This is a low-fat alternative to traditional Alfredo sauce. We like it more than the original version. A local restaurant provided the inspiration for adding the broccoli.
2 cups small broccoli florets
2 tablespoons butter or stick margarine
2 tablespoons all-purpose flour
2 cups fat-free milk
2/3 cup (2 1/2 ounces) part-skim ricotta cheese
1/2 cup grated Parmesan cheese
1/4 teaspoon salt
1/4 teaspoon coarsely ground black pepper
4 cups hot cooked fettuccine (about 8 ounces uncooked pasta)
2 tablespoons minced fresh parsley
How to Make It
Steam broccoli, covered, 3 minutes or until crisp-tender.
Melt the butter in a saucepan over medium heat. Add flour, and cook for 1 minute, stirring constantly. Gradually add milk, stirring with a whisk until blended. Cook 15 minutes or until thick, stirring constantly. Stir in cheeses, salt, and pepper, and cook 5 minutes or until cheese melts. Stir in broccoli and pasta. Sprinkle with parsley.
I hate giving bad reviews, but this was a tough one. I think it really deserves 2 stars because it has potential, but is definitely not a solid recipe as written. My biggest issue is that it got so thick and pasty that it was almost inedible. Difficult to eat at best. I followed the advice of other reviewers and added garlic and oregano, which made the flavor ok (I still had to salt & pepper my plate, which I don't usually do). Maybe it was too thick because I used 1% milk? I might try it again if I get an alfredo craving, but I would add less flour, not cook to thicken for as long as called for, and I guess try fat free milk. I like the reviewer's idea of using reserved cooking liquid to thin, maybe I'd try that too.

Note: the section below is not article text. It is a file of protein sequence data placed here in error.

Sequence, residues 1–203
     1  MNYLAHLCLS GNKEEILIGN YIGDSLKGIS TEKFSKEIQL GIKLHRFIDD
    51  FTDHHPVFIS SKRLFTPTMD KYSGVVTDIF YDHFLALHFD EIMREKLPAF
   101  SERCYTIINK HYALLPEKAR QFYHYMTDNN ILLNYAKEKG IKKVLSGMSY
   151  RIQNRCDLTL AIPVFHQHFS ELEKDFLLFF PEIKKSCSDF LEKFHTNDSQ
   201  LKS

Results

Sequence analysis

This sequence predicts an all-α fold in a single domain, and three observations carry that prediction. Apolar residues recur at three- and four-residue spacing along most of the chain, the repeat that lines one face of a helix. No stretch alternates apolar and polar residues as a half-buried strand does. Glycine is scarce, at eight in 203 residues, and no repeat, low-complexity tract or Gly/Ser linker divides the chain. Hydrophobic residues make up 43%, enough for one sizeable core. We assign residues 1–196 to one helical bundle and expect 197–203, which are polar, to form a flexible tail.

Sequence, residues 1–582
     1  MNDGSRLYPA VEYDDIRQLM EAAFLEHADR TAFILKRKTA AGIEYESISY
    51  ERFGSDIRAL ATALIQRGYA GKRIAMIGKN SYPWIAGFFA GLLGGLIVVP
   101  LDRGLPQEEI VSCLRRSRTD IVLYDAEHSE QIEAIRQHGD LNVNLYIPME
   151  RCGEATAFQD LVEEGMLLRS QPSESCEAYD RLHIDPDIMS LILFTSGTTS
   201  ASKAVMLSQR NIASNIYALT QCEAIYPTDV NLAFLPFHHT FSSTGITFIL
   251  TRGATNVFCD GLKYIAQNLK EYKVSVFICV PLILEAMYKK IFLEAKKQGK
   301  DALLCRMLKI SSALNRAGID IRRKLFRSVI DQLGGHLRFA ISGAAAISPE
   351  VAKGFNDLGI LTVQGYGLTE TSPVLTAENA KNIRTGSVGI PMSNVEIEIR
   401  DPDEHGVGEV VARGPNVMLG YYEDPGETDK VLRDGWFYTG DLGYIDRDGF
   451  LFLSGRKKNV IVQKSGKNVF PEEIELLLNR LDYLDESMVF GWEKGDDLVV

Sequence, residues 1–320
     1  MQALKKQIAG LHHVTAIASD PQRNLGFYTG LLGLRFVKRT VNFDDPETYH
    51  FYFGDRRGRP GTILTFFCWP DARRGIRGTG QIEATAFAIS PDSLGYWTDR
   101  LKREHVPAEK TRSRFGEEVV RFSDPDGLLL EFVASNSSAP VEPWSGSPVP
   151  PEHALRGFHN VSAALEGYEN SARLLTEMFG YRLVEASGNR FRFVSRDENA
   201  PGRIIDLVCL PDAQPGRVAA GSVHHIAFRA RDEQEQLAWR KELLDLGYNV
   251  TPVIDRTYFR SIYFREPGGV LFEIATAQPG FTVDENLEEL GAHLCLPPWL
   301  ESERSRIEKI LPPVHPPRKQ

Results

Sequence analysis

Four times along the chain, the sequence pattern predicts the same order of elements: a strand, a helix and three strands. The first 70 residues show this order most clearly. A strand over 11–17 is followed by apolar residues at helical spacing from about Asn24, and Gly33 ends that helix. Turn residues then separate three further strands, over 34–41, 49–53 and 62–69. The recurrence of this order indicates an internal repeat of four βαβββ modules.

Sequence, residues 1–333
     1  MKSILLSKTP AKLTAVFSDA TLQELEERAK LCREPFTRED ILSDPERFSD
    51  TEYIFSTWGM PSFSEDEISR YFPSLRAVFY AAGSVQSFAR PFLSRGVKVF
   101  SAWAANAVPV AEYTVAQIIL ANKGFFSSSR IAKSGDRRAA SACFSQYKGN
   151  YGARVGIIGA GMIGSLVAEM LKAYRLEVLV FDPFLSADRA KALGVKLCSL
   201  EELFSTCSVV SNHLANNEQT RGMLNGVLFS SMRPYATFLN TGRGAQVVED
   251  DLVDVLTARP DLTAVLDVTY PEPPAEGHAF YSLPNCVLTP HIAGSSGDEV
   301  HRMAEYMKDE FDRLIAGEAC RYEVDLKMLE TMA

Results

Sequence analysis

I was eager to try this ricotta-based version of an Alfredo sauce, but I took to heart what other reviewers said about the flavor being bland. In my opinion, the missing ingredient (obvious to me because I use it in almost everything) was garlic. I would suggest adding 1 tablespoon minced garlic to the melted butter and sauteing it till softened prior to adding the flour and milk. I also added about 1 teaspoon (but will increase the amount next time) of dried oregano along with the salt, pepper, and cheeses. What a world of difference! "Bland" hardly described the end result. I can't wait to make this again with even more oregano and maybe some additional Italian herbs.
This was a GREAT happy medium between the full fat, unhealthy regular version and the sad, reduced everything version. We used 1% milk since that's what we had on hand. We also used 1/2 of a 13 oz pack of spaghetti since we couldn't find whole grain in any other shape. The sauce does thicken up quickly, so stir your noodles in as soon as the sauce is cooked. Next time I'll try a smaller shape like penne because stirring the nest of noodles into the sauce and broccoli was a little difficult. All in all, a very tasty recipe. It will definitely be added to our regular rotation.
This was excellent. I took the advice of other reviewers and used locatelli cheese instead of parmesan and added extra salt. The locatelli made it very tasty. I also added some slices of chicken from a left over chicken breast...delish!
This recipe was ok, but a bit bland. I also wasn't crazy about the texture, as the ricotta doesn't smooth out as much as I would like. All told, it's not bad and my husband scarfed it down with no issues. Next time, I would save some pasta cooking water to make it a bit creamier and use very good quality parmesan or romano to give it fuller flavor. It is easy to make for a weeknight dinner.
I liked the basic concept of this recipe--replace higher fat cheese with ricotta--but the taste was really bland. I added a little extra parmesan, salt, cayenne, and nutmeg to pump up the flavor, but to no avail. I even added roast chicken, which my family picked through and found, leaving the rest of the dish. My husband said it was like eating paste, and I have to agree. Maybe there's another combination of cheeses that would work better, but ricotta isn't the secret weapon.